The second is reducing waste. “We saved over 500 pounds of food in our cafeteria last year, put it in our refrigerator and donated it to a local food bank at the end of each week,” said D’Amato. “It was food the students didn’t eat during the week. And we’ll eventually grow our own fruits and vegetables here to serve in the cafeteria.”
The third path is healthy living by making sure the school staff and students are healthy. “Our teachers ran or walked an additional 2,400 miles last year,” said D’Amato. “And we have Fun, Fit Fridays. In the morning, we play music, and the students and teachers run or walk around the track. It relieves stress and gets the kids ready to learn.”
And each day, he said, “Our staff continues to grow and learn about nature and the environment. Our kids love this outdoor learning space; and as principal, I’m proud to lead this charge. But we appreciate you all and thank you for taking this step with us.”
Also addressing the crowd, Pivarnik said, “This is the end of one phase of our journey and the beginning of many possibilities to come. At the start, seven or eight years ago, I asked, ‘What if?’ What if we could have more of a hands-on experience for our kids? What if we could build garden boxes here? What if our garden spaces were accessible to all students — and what if they reflected our curriculum, instead of just being ornamental?
“What if a garden could teach and sustain, support and inspire children to care about a living thing that depends on us? And what if that caring is extended to our relationships, our jobs and into the community outside of Lees Corner?”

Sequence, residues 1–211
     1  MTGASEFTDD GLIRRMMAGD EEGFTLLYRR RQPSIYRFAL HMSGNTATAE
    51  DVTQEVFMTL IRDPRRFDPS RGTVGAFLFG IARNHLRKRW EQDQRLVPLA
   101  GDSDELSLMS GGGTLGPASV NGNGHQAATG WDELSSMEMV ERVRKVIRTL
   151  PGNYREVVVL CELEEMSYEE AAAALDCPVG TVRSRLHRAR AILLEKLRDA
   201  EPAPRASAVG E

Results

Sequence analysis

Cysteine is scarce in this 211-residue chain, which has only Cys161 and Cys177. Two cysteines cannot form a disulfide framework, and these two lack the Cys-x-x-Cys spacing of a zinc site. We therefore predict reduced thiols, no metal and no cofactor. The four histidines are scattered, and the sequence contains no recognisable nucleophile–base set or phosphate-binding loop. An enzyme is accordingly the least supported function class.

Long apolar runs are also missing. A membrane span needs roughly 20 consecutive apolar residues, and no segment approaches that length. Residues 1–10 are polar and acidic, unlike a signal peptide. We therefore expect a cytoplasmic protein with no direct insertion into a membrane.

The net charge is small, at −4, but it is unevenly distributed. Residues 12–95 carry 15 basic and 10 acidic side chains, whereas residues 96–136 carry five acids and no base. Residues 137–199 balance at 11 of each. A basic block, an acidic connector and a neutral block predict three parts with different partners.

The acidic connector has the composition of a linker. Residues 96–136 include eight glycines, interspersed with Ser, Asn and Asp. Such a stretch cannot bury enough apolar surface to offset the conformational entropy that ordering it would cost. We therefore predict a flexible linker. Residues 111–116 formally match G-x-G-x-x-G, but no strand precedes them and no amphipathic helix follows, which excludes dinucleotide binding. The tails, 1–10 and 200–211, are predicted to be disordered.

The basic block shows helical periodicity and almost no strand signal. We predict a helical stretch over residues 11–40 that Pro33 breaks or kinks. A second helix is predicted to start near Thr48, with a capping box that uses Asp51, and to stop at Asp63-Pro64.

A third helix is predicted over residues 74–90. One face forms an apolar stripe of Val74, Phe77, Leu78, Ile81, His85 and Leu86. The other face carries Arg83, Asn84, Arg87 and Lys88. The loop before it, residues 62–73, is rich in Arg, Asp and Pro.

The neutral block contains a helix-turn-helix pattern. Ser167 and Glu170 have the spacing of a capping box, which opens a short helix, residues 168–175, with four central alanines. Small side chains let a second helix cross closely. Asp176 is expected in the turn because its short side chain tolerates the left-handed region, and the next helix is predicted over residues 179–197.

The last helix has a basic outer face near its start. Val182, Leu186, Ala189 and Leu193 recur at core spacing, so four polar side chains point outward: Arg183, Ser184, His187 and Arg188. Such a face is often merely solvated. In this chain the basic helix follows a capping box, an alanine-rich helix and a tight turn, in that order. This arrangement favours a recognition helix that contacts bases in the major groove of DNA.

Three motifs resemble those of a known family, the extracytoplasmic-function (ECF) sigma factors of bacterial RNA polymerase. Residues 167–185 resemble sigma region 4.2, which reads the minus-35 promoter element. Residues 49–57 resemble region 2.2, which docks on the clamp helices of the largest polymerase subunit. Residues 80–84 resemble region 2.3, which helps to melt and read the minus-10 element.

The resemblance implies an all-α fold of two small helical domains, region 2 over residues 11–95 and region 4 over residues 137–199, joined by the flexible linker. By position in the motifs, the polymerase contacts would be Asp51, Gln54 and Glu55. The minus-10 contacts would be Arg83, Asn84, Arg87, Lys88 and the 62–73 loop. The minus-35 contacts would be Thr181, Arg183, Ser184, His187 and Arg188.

So Pivarnik started researching gardens and the value of children being outdoors. And that’s especially important today, she said. “when so many children spend so much time indoors, looking at an electronic screen. Here, they can plant pollinator gardens and organic produce and marry what they learn to social studies and other subjects.”
For example, she said, students could use Colonial methods to start their gardens and could host Thomas Jefferson’s plants. Then they could have poetry time and read books on the grass. Furthermore, said Pivarnik, “The produce we grow can also support our school families; and in exchange, the families receiving it can work in the garden.”
Then, quoting inspirational writer Steve Maraboli, she said, “Plant seeds of happiness, hope, success and love. It will all come back to you in abundance; this is the law of nature.”
Next, Region V Superintendent Frances Ivey congratulated and thanked the school. “This is an example of what can be accomplished when we have visionary leaders, opportunities and resources from businesses, and the strong support of the parents, teachers, Chantilly Pyramid, Region V principals and FCPS facilities staff,” she said. “And I look forward to the ‘what ifs’ for many years to come.”
At the end of the ceremony, just before the outdoor classroom’s ribbon-cutting, kindergarten teacher Martha Hellman gave Pivarnik a gift “in awe and in gratitude for what you’ve given to our school. It’s a gift for all of us.”